Mrs Chrisparkle and I were chatting during the interval. “You know it’s not going to end well, don’t you” she suggested. I agreed. Every indication was that at least some of our brave boys were not going to see it to the final curtain. But, without giving too much of the game away, you can appreciate that the original 1942 audience might not have warmed to too tragic a finale, and I don’t suppose Rattigan wanted theatregoers sobbing in the aisles every night. If you’re after a happy ending, you might be lucky.
So what of this production by the Original Theatre Company and Birdsong Productions? It seems very faithful to the original, dividing up Rattigan’s three acts into the current popular requirement for two, by bringing in the interval between Scenes One and Two of the second Act. I enjoyed the adherence to Rattigan’s original stage direction of having aircraft noises and communication sounds carrying on all through the interval, which keeps the audience in the zone whilst fighting over their ice-creams. “Wiggy Jones” has been replaced by “Betty” but that’s hardly material. Hayley Grindle’s set changes the position of the reception desk from Stage Right to Stage Left and brings the ever-burning fire more to the centre of the action, but otherwise is barely changed from the original. The sound effects – on which the play relies quite heavily – are authentic and crystal clear. For our performance, we had text captions either side of the stage which I have to say is an innovation that I really like. I think my hearing’s okay on the whole, but sometimes you can really benefit from having accents clarified or quickly spoken sequences visually presented to you.
A strong, mature play like this with some meaty roles cries out for some top quality performances; and this is where it gets a little disappointing. I think the production has a new cast for its 2016 tour and some of the scenes haven’t quite bedded down properly yet. It’s not badly performed by any means, but a couple of the more important roles were, for me, a little wooden and didn’t quite convey everything that I think Rattigan would have intended. To be honest, Lynden Edwards as Peter Kyle didn’t make the role particularly interesting. When he translated the Count’s letter for Doris, I sensed you should have been overwhelmed with emotion of some sort – but you weren’t really. I wouldn’t say it was like reading a shopping list, but you would have suspected an actor like Kyle would have put a little more expression into it. In some of the earlier scenes too, I just didn’t feel Mr Edwards quite got it. Hedydd Dylan, as Patricia, was also rather slow to get going in her role, although by the time we reached the final scene I thought she brought out all the appropriate self-doubt and emotional turmoil.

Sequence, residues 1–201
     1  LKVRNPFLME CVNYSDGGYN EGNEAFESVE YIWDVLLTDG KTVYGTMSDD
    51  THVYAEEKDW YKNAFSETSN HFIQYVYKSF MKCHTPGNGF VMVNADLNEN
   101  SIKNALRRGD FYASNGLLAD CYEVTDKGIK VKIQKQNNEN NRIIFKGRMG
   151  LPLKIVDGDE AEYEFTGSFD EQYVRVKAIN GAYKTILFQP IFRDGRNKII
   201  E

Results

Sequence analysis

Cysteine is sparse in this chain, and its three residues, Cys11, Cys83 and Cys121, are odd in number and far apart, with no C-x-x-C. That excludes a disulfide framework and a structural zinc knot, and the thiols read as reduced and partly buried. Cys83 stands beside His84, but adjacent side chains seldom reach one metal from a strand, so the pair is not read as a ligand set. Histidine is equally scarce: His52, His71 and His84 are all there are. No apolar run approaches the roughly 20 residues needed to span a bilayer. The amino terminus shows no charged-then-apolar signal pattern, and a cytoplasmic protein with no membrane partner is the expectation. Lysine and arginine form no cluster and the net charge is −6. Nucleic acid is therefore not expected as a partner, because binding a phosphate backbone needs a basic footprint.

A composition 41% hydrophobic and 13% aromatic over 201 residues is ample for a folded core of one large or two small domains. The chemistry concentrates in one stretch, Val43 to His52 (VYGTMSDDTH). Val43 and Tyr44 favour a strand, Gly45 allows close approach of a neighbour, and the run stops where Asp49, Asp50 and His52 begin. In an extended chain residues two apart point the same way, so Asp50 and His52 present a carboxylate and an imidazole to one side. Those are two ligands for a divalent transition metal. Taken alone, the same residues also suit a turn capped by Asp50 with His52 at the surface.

Fortunately, there were also some excellent performances. I was really impressed with Daniel Fraser as Teddy, a confident and credible performance as the archetypal hero playing the game whilst deep inside feeling distraught. His breakdown scene was tremendously moving and believable. I’ve not seen Mr Fraser before and I think he could be One To Watch. Claire Andreadis gave us a very bubbly Countess Doris, amusingly conveying her starstruck-ness in the presence of Peter Kyle, yet resolute and strong in the face of the apparent death of her husband. Jamie Hogarth was excellent as Dusty Miller, balancing friendliness and respect with his Skipper, whilst gently remonstrating with his wife for her uselessness on buses; the embodiment of salt of the earth. Audrey Palmer was delightfully frosty as the proprietor Mrs Oakes, and the ever-reliable Graham Seed was perfect as Swanson, the senior officer who was more of a friend than a superior, yet could command his men effortlessly when needs must.
Despite any reservations about the performances, Flight Path still comes across as an engrossing and emotional play, with timeless themes and a huge amount of dignity. Whilst somewhere in the world airmen are still flying bombing raids to attack the enemy, this play will never go away. Congratulations, Sir Terence, your play still rocks! The tour continues throughout the UK until May.